Checking our Motivation

I’ve been thinking about a comment someone made at our Weekly Manna gathering at UST Law School last week. Our Dean of Students, who offered the reflection for the day, spoke about our motivation for doing the “good” things we do. He asked people to consider whether they were doing the “right” thing out of a conviction that it was right or so that they would be praised by others. Part of his thrust was that if we are doing the right thing out of a desire to be praised, we will often be disappointed and resentful when praise and recognition do not come.

During the conversation that followed, one student offered the view that perhaps our motivation is not so important. So long as the right thing is getting done, he suggested, what does it matter if the motivation was wrong. Thus, he said, maybe we don’t always be needing to check our motivation.

At one level, this strikes me as wrong. That is, our ultimate goal is a conversion of our hearts and minds – conforming our will more and more to God’s will. That means that our mindset, not just our actions, are important. Motivations are not irrelevent.

On the other hand, at the early stages of our development, developing the habit of doing the right thing is helpful – and aids the process of conversion of our heart. So if the point is that doing the right thing regardless of initial motivation helps to create the habit of doing the right thing – as an initial step in our process of conversion, then I think there is some validity to the point.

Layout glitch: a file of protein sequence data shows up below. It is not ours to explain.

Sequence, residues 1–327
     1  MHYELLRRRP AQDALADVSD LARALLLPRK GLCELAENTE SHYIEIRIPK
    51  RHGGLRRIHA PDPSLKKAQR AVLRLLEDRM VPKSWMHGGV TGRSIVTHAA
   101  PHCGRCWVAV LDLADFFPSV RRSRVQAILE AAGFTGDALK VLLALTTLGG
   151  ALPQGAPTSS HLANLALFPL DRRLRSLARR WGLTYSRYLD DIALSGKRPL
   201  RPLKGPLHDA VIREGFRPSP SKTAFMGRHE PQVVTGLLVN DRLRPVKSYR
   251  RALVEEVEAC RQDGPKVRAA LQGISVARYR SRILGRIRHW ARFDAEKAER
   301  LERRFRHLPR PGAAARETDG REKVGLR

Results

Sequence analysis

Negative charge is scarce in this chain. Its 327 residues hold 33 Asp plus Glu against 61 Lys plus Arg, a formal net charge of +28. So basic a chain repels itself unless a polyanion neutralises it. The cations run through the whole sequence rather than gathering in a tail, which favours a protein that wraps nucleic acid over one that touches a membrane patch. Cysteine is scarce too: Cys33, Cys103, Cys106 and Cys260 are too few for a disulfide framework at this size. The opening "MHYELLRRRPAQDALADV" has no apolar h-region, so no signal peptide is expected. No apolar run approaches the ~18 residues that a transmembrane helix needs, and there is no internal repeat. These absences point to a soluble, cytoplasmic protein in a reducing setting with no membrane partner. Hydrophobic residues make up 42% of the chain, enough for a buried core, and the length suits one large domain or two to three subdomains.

My friend Beth talked about something in a recent blog post that illustrates this. She wrote:

Funny thing about this idea of praying for those who persecute you: Both of us reflected that we started slowly and begrudgingly to walk through the motions of praying for those we were angry with and had been deeply hurt by. We just said the words because it was the right thing to do. Slowly, it changed. Slowly, the process moved from saying prayers for them to praying for them. Then, to really praying for them. And one day you look up and realize that you are really praying for them, and Anger has given up trying to hold you in that place where you eat the rat poison and hope the rat dies.

One of the values of engaging in a daily examen, a prayer practice about which I’ve written before, is that it gives us an opportunity to check back over our actions to see what was our true motivation.